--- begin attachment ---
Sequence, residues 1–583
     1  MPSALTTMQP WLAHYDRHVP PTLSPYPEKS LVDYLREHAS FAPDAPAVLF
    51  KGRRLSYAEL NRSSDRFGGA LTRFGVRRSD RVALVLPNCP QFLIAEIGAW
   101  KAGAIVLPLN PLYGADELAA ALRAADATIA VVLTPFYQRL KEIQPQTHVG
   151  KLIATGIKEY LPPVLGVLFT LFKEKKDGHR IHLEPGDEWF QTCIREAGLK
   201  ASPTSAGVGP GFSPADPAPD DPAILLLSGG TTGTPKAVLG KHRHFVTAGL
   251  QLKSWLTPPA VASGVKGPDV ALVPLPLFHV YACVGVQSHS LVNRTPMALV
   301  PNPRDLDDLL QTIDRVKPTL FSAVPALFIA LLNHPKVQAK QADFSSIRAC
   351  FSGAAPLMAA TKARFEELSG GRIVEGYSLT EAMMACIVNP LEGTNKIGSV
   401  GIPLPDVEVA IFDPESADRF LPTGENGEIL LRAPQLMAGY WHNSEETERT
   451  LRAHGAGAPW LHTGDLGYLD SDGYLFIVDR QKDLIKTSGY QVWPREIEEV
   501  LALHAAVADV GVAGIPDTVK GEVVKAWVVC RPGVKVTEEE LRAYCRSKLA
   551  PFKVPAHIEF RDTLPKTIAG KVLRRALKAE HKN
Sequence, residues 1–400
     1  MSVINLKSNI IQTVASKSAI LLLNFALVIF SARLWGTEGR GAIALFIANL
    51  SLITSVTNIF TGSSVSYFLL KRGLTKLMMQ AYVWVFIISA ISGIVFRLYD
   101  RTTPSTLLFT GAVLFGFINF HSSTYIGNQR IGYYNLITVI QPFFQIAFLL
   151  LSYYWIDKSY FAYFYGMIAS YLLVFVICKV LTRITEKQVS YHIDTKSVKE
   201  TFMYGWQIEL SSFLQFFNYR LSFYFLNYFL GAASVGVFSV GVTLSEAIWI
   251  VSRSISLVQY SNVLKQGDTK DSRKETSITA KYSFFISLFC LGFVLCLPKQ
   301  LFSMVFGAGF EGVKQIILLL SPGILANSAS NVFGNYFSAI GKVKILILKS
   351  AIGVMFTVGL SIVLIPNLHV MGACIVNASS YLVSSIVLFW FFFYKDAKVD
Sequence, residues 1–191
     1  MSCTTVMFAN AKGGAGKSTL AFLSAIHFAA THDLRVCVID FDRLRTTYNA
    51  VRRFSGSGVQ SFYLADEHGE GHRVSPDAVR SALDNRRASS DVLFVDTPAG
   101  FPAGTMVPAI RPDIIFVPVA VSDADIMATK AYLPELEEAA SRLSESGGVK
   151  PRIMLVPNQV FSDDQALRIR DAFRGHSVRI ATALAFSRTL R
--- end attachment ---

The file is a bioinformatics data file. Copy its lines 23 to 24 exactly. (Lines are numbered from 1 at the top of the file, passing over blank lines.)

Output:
Sequence, residues 1–191
     1  MSCTTVMFAN AKGGAGKSTL AFLSAIHFAA THDLRVCVID FDRLRTTYNA